G1. Seller Requirements

  • Establish the Seller’s needs

This is primarily to determine how genuine the seller is – i.e. does he want to seriously sell or is he only thinking of selling. This will determine how to approach the particular seller

  • Determine the Seller’s selling options

 

  Pros Cons
Sell the property

privately

  • No contractual commitment
  • No commission payable.
  • Have access to buyers via internet advertising.

 

  • No, support network as far as the sale is concerned. Estate agents network regularly with other agents, bond originators, bank officials, and attorneys.
  •  Typically, no access to property statistics may lead to fixing a wrong price.
  • Limited exposure to potential buyers, which theoretically means a home can take ten to fifteen times longer to sell as agents usually have access to an existing buyers base, private sellers don’t.
  • Typically, the buyers they will encounter have not been qualified as far as finance is concerned.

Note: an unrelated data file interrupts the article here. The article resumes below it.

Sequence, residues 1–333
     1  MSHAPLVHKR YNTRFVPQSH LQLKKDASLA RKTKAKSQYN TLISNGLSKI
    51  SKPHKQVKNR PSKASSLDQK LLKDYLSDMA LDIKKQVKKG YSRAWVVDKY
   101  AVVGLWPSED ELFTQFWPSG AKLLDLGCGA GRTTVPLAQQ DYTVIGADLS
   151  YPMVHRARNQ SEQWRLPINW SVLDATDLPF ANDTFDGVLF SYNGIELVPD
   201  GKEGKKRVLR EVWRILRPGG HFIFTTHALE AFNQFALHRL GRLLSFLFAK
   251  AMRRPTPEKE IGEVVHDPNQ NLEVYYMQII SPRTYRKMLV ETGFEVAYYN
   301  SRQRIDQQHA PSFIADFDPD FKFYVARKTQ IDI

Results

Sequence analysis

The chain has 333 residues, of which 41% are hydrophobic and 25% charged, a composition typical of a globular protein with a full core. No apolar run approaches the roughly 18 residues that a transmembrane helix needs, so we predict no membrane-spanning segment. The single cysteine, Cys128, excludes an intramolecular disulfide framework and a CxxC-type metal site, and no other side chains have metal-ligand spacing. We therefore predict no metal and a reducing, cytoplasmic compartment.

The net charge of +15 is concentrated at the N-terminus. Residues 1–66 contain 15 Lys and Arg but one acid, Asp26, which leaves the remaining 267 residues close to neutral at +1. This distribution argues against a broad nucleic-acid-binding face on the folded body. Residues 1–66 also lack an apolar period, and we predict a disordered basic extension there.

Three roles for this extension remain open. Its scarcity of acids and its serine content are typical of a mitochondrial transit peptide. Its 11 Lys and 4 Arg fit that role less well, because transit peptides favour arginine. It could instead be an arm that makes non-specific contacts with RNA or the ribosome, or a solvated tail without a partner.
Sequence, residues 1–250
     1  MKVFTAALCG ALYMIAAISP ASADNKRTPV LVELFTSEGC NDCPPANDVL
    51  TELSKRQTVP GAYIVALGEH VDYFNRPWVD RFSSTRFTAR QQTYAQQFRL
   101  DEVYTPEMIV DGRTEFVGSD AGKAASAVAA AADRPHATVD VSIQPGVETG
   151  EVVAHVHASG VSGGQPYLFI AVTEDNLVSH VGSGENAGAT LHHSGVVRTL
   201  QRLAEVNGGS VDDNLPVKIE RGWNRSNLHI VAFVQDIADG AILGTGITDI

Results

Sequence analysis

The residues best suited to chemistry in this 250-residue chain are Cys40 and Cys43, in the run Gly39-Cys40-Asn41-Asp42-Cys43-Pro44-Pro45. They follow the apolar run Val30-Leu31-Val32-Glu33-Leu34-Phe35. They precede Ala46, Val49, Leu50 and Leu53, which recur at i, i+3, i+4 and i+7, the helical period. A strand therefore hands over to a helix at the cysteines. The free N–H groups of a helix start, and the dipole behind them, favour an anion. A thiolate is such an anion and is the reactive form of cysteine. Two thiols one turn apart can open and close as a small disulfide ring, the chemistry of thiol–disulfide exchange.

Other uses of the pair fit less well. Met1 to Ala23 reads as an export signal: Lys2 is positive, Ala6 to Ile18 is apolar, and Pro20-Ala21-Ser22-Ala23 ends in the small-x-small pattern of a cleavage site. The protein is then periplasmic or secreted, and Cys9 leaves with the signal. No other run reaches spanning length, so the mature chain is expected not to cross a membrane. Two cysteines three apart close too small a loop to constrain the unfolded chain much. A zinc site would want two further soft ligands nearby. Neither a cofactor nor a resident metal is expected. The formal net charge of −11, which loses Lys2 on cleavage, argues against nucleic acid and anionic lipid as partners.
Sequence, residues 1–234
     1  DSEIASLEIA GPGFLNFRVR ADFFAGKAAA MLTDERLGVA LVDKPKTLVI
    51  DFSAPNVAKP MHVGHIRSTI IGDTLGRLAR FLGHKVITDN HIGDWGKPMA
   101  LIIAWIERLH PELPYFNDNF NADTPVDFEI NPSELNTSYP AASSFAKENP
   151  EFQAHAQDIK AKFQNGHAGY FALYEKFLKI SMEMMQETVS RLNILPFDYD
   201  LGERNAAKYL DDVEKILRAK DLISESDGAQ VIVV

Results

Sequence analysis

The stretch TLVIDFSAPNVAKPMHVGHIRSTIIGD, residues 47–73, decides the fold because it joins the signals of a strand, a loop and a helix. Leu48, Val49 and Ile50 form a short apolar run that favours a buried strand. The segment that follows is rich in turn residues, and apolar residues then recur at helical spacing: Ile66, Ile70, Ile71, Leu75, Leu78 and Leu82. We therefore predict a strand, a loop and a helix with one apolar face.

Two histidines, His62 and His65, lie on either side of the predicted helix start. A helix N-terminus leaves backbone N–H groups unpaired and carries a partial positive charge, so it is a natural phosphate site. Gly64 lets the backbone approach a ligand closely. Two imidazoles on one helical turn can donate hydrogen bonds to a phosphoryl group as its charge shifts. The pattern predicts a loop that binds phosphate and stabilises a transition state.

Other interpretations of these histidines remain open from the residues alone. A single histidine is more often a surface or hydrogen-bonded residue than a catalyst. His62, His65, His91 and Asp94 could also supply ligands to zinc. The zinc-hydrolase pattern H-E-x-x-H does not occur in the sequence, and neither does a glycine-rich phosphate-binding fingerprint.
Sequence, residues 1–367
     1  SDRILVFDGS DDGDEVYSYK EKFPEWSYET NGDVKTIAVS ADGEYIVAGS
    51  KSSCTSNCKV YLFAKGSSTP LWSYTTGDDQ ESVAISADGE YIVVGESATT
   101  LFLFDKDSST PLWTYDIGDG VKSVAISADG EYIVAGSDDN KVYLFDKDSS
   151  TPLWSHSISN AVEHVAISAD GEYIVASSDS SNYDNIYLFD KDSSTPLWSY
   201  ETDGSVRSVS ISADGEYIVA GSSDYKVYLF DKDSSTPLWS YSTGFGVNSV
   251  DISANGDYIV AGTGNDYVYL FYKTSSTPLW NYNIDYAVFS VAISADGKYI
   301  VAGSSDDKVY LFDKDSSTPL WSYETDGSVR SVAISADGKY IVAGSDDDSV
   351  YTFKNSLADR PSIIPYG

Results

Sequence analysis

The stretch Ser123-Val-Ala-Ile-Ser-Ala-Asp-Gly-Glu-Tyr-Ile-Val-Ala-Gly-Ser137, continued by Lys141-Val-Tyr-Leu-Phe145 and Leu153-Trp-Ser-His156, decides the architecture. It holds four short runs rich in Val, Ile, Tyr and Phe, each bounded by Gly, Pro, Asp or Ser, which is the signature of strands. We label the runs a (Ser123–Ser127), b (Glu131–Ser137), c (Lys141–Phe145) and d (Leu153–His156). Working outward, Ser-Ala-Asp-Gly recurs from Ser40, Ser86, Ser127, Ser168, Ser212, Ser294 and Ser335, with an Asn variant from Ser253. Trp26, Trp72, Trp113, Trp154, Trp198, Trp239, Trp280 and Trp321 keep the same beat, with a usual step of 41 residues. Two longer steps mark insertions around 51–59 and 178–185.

• The longer the home is on the market, the lower the selling price.
  • Typically, the selling/buying process begins AFTER the buyer leaves the home. I.e. contract negotiation, liaison with attorneys, etc.
  • Most buyers find it extremely awkward to negotiate or even talk directly with sellers & therefore avoid private sale properties.
  • The majority of qualified buyers are working with experienced real estate professionals.
  • Notably, they are opening their home to any stranger off the street.
Sell by giving an open mandate
  • No contractual commitment
  • Available to all agents.
  • May sell privately and avoid paying commission.
  • Agents are reluctant to work on a property that has no guarantee of return for the effort.